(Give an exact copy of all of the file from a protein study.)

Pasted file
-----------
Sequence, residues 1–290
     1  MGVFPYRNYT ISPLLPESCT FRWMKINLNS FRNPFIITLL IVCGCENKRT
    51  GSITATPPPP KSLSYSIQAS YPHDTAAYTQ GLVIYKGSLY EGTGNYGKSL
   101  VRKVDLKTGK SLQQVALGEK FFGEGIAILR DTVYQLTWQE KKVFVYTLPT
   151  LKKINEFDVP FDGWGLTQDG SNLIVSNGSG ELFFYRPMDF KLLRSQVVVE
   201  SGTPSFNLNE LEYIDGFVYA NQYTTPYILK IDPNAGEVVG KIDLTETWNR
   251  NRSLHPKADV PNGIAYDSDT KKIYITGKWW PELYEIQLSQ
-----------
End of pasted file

Sequence, residues 1–290
     1  MGVFPYRNYT ISPLLPESCT FRWMKINLNS FRNPFIITLL IVCGCENKRT
    51  GSITATPPPP KSLSYSIQAS YPHDTAAYTQ GLVIYKGSLY EGTGNYGKSL
   101  VRKVDLKTGK SLQQVALGEK FFGEGIAILR DTVYQLTWQE KKVFVYTLPT
   151  LKKINEFDVP FDGWGLTQDG SNLIVSNGSG ELFFYRPMDF KLLRSQVVVE
   201  SGTPSFNLNE LEYIDGFVYA NQYTTPYILK IDPNAGEVVG KIDLTETWNR
   251  NRSLHPKADV PNGIAYDSDT KKIYITGKWW PELYEIQLSQ